Designing Your App Visually
This is a picture of the Anvil editor, with the most important parts labelled:
The parts of the Anvil editor
The Form Editor displays what your user interface will look like, and lets you drag and drop elements around.
The Toolbox is where you pick new components to add to your UI.
The Properties panel lets you configure the component you have selected in the Form Editor. (You can select components by clicking on them.)
- The App Browser lets you select which part of your app your are editing. Your app can contain:
- Forms (user interfaces and Python code, runs in the web browser)
- Modules (Python code, runs in the web browser or on the server)
- Server Modules (Python code runs on the server)
- Services (Pre-built libraries and integrations like Data Tables, User management, etc)
The App menu (aka the gear menu) is where you configure your application.
- The Output panel shows you everything that was
print()ed when you last ran your app.
Creating a component
To add a new component to your page, drag its icon from the Toolbox into the Form Designer. The highlighted line shows you where your new component will be created:
You can pick up an existing component and move it around in the same way.
Configuring a component
Click on a component to select it. You’ll see it outlined in the Form Editor.
Use the Properties panel to change properties of the selected component. For example, changing a Button’s
text property changes the text on the button:
Properties are grouped into sections, and you can click the “More” link to expand a section and see more properties:
Each component has a name (eg
self.button_1). This lets you refer to this component as an instance attribute in your form class.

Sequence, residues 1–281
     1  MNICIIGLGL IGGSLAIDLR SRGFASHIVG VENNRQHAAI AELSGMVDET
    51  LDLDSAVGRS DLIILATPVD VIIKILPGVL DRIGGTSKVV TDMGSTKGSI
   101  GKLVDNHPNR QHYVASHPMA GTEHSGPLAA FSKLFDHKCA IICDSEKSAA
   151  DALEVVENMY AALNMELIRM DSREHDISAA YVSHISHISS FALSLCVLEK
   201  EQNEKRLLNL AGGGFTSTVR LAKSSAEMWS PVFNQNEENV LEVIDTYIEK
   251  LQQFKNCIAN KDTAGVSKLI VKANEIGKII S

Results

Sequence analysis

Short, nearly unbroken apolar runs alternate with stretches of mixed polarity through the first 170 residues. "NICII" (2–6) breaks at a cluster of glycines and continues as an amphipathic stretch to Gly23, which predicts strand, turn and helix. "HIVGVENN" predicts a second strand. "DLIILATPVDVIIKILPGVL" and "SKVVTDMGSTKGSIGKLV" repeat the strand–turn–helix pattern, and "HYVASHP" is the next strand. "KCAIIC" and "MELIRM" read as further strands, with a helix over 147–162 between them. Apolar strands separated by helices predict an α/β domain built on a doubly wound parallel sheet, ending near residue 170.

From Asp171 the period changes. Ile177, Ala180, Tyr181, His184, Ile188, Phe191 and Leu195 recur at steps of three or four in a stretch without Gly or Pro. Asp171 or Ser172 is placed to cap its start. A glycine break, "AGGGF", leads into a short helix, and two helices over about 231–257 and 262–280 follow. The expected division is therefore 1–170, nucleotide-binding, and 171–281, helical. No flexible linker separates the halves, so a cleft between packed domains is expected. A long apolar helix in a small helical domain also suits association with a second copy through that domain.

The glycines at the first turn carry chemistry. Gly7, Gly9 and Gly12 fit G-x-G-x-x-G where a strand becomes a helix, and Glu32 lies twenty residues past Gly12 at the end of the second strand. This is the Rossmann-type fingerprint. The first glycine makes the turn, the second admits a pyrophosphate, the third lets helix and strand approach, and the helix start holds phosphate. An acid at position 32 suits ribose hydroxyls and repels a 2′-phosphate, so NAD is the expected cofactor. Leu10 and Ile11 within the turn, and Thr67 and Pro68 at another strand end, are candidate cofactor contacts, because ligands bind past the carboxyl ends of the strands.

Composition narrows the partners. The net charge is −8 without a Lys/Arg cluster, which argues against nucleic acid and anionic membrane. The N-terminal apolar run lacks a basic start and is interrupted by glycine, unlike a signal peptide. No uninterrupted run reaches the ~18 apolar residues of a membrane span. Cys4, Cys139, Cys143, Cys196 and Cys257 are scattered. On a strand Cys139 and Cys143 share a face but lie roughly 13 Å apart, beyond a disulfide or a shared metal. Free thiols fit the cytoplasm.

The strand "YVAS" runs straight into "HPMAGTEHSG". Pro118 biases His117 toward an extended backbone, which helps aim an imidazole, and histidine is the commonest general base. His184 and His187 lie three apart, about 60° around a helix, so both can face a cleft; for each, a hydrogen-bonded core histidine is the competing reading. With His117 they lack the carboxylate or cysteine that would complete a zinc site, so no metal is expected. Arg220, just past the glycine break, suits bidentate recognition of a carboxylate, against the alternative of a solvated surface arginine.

Each component lies inside a container. Depending on what container it is in, you can set container properties that configure how the component is displayed in its container. For example, if a component is contained in an
XYPanel, the container properties set the X and Y coordinates of the component.
When you select some components, you will see draggable handles that let you adjust the component. (For example, there is a handle to set the height of an
Image component.) This is a visual way of editing the value of a property (eg the
height property of an
If you scroll to the bottom of the Properties panel, you can find a list of events that the selected component can raise.
Next to each event, you can enter the name of a method on the form class. That method will be called when the event occurs.
Click the arrow button to go to the code for that event. If an appropriate method doesn’t exist already, it will be created. (If there is no method name in the box, an appropriate name will be chosen using the name of the component and the event: eg
Component visual layout
Components are laid out from top to bottom on a page. A component’s width is determined by its container. A component’s height is determined by itself.
Everything is Code
Everything that you can do in the visual designer is equivalent to writing some Python code in your form’s
__init__ method. We’ll explore this in more detail in the coming sections, but here are some examples:
You can add a component by creating an instance of the component class (eg calling
Button()), and then calling
add_component()on a container to add it to your page. For example:
self.button_1 = Button(text="Click me") self.content_panel.add_component(self.button_1)
You can set (or read) properties of a component as attributes on the component object. For example:
self.button_1.text = "Click me"
You can set container properties of a component when adding it to a container, by passing them to
my_button = Button(text="Click me!") self.xy_panel_1.add_component(my_button, x=40, y=150)
You can bind events on a component by calling its
my_button = Button(text="Click me!") my_button.set_event_handler('click', self.my_button_click)